After two series, Phoebe Waller-Bridge has (quite literally) waved farewell to her nameless heroine in a “perfect” final episode of BBC3’s Fleabag.
The series two finale – centred around her father’s wedding to Olivia Colman’s wicked Godmother – ended in true bittersweet Fleabag fashion; sister Claire finally left abusive and alcoholic husband Martin to race to the airport for new love Klare, but Fleabag herself didn’t have quite the same happy ending.
Despite her passionate tryst with the hot priest (a fantastic Andrew Scott), her proclamation of love at a bus stop fell a little flat; while the priest said he loved her too, he ultimately chose to keep following God, telling her that her feelings for him “will pass.”
The final scenes saw her walk away from the camera she so often shot knowing glances to, with one last wave.
Fans heaped praise on Waller-Bridge on Twitter, with one willing to put quite a price on the series’ conclusion.
Others described the heroine as one of TV’s greatest characters.
The priest’s poignant, passionate and damning wedding speech was also highly praised by fans…
… as was this zinging line from Fleabag’s father:
But while she may have been hoping to elope with her priest, it was Fleabag’s relationship with sister Claire that viewers thought was the true love story of the series.
The second series is thought to be the show’s last ever, with Sian Clifford, who plays Claire, describing Fleabag as “complete”.
ANALYSIS – by RadioTimes.com Editor Tim Glanfield
Ending a beloved show is hard. Those who are invested in its characters and read meaning into every twist and turn along the way will always have their own views on what should have happened.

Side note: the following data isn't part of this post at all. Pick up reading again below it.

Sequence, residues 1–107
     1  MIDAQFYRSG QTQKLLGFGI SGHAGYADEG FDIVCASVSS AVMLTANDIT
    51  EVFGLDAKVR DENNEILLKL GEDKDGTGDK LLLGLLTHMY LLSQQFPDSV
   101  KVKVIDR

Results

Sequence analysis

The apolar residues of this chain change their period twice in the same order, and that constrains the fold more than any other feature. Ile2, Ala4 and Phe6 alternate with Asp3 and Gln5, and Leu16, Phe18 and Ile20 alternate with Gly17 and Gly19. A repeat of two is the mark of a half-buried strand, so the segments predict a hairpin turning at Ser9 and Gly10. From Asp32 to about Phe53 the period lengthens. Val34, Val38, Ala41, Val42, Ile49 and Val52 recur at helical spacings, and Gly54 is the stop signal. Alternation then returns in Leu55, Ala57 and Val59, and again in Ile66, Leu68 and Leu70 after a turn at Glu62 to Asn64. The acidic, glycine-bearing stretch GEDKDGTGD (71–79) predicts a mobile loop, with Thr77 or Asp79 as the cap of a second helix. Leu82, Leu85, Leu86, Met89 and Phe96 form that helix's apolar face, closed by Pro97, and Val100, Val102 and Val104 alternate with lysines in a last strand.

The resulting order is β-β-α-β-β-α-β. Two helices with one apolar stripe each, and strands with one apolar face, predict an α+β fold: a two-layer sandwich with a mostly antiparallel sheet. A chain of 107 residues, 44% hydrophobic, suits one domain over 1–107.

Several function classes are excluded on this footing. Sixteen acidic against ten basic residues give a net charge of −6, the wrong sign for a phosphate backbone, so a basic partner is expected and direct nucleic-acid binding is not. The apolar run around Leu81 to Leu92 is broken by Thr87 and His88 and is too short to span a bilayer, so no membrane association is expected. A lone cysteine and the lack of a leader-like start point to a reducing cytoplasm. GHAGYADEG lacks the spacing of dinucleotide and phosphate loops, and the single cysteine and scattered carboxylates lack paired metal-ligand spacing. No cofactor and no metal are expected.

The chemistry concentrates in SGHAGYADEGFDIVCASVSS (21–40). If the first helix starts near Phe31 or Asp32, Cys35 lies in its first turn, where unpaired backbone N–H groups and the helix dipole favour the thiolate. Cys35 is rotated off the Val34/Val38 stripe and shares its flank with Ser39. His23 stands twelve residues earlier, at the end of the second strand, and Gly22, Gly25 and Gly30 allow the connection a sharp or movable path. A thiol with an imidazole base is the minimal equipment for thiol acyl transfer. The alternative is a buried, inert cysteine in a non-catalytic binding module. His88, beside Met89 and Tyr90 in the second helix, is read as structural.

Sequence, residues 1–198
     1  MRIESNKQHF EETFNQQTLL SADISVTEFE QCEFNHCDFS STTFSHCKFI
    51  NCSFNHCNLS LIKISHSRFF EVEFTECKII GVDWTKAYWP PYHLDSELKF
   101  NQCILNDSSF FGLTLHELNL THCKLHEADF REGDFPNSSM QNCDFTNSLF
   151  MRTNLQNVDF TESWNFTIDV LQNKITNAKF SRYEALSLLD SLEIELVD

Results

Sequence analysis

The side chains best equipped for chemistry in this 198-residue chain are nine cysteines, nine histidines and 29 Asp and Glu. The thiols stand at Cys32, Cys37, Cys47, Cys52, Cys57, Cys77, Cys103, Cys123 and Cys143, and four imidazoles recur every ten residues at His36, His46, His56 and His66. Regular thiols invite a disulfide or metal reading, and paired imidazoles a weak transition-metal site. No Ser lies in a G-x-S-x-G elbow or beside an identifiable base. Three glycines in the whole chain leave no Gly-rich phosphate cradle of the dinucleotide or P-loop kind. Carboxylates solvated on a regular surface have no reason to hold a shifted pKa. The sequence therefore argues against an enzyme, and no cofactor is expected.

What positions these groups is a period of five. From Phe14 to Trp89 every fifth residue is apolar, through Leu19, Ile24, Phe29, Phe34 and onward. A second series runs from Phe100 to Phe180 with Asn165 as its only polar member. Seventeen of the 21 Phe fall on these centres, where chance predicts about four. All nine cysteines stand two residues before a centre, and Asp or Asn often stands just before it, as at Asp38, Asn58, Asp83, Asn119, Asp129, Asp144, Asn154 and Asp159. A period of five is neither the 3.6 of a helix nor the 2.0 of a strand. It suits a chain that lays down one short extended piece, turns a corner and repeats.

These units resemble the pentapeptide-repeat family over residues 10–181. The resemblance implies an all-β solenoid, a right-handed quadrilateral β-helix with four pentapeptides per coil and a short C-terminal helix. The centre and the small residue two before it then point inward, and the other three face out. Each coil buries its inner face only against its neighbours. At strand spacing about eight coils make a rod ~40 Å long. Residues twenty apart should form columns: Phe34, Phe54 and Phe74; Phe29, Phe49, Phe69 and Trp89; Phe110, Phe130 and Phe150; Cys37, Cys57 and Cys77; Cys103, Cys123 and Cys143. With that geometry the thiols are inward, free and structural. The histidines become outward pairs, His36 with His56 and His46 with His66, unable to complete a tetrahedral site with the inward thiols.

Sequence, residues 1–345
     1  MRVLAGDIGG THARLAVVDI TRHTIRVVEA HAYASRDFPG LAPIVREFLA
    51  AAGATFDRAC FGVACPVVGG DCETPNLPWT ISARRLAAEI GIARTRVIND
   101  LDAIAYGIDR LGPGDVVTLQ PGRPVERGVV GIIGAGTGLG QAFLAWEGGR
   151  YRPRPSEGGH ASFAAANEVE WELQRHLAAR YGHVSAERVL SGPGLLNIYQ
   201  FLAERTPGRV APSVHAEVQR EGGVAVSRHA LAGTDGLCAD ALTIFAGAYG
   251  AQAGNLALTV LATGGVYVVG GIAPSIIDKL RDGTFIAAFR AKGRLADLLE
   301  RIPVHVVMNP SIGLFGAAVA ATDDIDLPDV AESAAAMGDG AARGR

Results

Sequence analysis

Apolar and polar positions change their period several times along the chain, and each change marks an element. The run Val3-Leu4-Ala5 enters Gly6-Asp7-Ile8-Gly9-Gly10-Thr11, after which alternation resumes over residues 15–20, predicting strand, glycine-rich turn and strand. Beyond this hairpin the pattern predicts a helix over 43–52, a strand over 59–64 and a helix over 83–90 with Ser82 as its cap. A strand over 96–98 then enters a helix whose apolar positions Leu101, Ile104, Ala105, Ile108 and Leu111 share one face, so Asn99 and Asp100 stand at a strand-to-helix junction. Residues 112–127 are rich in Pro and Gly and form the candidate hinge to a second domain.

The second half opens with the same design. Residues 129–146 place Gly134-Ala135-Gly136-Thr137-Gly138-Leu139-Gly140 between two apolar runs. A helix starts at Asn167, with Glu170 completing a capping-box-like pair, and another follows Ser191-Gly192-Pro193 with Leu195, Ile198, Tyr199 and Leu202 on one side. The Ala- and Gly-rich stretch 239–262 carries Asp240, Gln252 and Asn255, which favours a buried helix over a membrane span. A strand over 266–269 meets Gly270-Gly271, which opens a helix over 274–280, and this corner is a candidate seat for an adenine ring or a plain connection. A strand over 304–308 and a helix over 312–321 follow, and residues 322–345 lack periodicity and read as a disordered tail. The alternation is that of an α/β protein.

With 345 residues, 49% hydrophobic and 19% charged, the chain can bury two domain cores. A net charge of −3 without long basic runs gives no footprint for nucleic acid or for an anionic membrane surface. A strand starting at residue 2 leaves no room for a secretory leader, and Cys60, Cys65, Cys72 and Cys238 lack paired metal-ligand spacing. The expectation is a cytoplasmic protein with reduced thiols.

But in the finale of Fleabag, Phoebe Waller-Bridge has achieved something truly remarkable in television – a conclusion that has won near-universal praise from critics and fans of the programme alike. This is no accident, it is the result of a rare talent for writing and performing that has quite rightly propelled her to being one of the most celebrated names in the industry.
What is more, in taking the brave decision to end the show on a high with everyone wanting more, its creator follows the same high road that the likes of Cleese and Booth and Gervais and Merchant took with Fawlty Towers and The Office, and surely elevates Fleabag into the same upper echelons of the British television hall of fame.
“There will not be a third series,” Clifford told BBC Breakfast presenters Charlie Stayt and Naga Munchetty. “This is it.”
“I think I’ve described it online as this beautiful, perfect ending and I think it is, but I think what it’s closer to is poetry,” she added.
“I think people will accept that this is the end when they see it, because I think it is complete. I think the story is complete.”
Fleabag is available to stream on BBC iPlayer